Also read:

About

Mark Kaelin is a CBS Interactive Senior Editor for TechRepublic. He is the host for the Microsoft Windows and Office blog, the Google in the Enterprise blog, the Five Apps blog and the Big Data Analytics blog.

84 comments
SmartAceW0LF
SmartAceW0LF

the only real place you can find a majority of favorable reviews of Windows 8 is from Publishers, -TR included. Media plays a significant role in the success of any product. Granted, Microsoft's shove-it-down-your-throat-whether-you-like-it-or-not attitude didn't help matters much in the case of Vista. Personally, I believe that the typical review of Vista by published media had it wrong. However, it wasn't hard to understand why MS had it coming. Still, I am curious what is so different about this path than was the case then. I believe publishers are wrong about Windows 8 too. I reckon it will all boil down to the masses. I like to think consumers in America are not as stupid as corporations seem to think we are. Bottom line to me is this. Windows 8 isn't about protecting current market share or even looking after a loyal consumer group. (Please spare me the rhetoric about the necessity of revenue for a company's survival as I am well aware of it) No, it's quite the opposite. It's about a massive change in licensing schemes. The opportunity to gain licensing revenue based on TIME, not SEATS. Further, it is about closing doors to the old ways of doing business by eliminating choices. Why would anyone need a desktop computer when everything is stored on the "cloud"? Hey MS, if you're listening, what happened to innovation? Stop following and try to be a leader again.

DonG43
DonG43

A good O/S for business should be transparent. It should be simple to use and consistent, like a hammer. Just because Home Depot comes out with a titanium handle hammer this year for $65, I look at my 40 year old steel shaft hammer and say, "it probably drives nails as well as the new one." So much business productivity is lost as users struggle to learn the new "User Interface" for each application. My biggest challenge in teaching college students is to find their data. They think they know how to use a computer because they "surf the web" and use email. I see Windows 8 as a titanium hammer.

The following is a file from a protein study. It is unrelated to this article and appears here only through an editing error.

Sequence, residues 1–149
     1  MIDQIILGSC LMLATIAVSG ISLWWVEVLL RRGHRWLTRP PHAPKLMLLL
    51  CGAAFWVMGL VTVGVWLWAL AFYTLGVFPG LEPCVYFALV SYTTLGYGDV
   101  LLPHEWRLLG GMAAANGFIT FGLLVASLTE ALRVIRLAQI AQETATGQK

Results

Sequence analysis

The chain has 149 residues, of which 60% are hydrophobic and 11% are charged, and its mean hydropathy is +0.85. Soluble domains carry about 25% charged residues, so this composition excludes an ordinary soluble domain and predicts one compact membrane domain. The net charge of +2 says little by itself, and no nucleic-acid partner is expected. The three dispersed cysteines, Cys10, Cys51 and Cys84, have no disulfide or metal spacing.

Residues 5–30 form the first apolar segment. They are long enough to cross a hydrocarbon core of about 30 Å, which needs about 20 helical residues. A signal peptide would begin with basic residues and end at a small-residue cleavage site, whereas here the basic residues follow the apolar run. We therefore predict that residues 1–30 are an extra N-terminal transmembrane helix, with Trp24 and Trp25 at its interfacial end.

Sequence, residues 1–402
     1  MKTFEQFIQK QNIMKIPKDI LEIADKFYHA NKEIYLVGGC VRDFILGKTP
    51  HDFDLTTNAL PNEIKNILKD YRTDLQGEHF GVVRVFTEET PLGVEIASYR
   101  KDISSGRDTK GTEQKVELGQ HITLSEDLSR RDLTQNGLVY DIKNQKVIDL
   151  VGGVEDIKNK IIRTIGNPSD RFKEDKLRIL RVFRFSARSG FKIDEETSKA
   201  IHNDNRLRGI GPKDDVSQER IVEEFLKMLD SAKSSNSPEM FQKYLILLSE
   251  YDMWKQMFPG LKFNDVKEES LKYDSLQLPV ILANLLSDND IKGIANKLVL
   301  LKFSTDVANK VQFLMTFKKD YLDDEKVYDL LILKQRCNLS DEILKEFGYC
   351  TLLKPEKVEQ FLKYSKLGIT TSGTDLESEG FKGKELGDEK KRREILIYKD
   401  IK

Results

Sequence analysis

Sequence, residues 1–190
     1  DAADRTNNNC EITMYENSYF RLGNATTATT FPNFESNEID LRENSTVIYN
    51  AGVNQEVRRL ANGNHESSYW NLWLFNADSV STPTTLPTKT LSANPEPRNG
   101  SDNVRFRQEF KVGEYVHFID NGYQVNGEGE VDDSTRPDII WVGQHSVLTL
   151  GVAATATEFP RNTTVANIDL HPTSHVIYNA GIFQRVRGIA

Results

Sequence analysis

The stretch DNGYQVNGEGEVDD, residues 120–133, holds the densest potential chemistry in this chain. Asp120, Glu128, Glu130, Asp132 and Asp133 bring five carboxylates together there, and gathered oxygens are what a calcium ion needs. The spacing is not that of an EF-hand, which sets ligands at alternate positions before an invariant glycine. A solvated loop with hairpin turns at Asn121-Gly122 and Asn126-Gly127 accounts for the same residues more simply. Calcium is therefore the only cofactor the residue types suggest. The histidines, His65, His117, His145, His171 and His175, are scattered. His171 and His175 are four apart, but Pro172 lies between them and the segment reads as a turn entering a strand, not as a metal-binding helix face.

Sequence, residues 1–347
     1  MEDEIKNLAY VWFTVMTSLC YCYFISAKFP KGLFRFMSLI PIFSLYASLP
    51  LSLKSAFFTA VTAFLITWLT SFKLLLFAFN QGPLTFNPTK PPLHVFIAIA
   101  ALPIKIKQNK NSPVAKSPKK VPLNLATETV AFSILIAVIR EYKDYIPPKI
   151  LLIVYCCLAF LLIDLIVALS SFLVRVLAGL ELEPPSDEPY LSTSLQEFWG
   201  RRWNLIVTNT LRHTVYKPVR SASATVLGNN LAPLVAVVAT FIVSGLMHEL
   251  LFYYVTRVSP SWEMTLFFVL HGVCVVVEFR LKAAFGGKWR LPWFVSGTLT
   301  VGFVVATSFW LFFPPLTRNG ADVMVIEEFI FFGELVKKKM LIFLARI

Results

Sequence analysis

JnM_Bronson
JnM_Bronson

I cannot believe, after reading these comments, that this is actually a technology website! Windows XP is not the end-all, be-all of operating systems or UI design! It will be TEN YEARS OLD in a few months. Just how long are you folks planning on keeping it? Do you still have DOS applications as well? What will you do when drivers are no longer written for XP? Or when 64 bit applications become the norm? That day is coming, and it's coming sooner than you think. Time changes and technology moves on. The newer OSes have a LOT of great features for businesses, it's not just for the consumer. We rolled out Windows 7 64bit in our organization and our users have been extremely positive about it! I personally think it is head and shoulders above the XP/2000 UI and I find that I can get my work done much faster and find things much easier. It's years ahead on all our laptops, it just about awakes instantly from sleep mode when you open the lid, and it can actually authenticate against a domain through WiFi without having to use some junky third-party client to do so. No more searching for programs through endless layers of Program menus, either. I just type in the program I am looking to run and boom there it is. I could go on and on with this stuff but I suppose you're getting the picture already... If the point of some of these posts is to tell the reader that an old dog can't learn new tricks, you're doing a pretty good job of it. Back to the original topic, Windows 8, I didn't care much for the Metro interface either and I have to think that this is a long, long way from completion. I carry a Windows Phone 7 for work and Metro does a pretty good job as a mobile platform, but without a touchscreen as in the Win 8 developer preview, it's not so satisfactory. At any rate, I think Microsoft will get the product much better polished as the release date draws closer.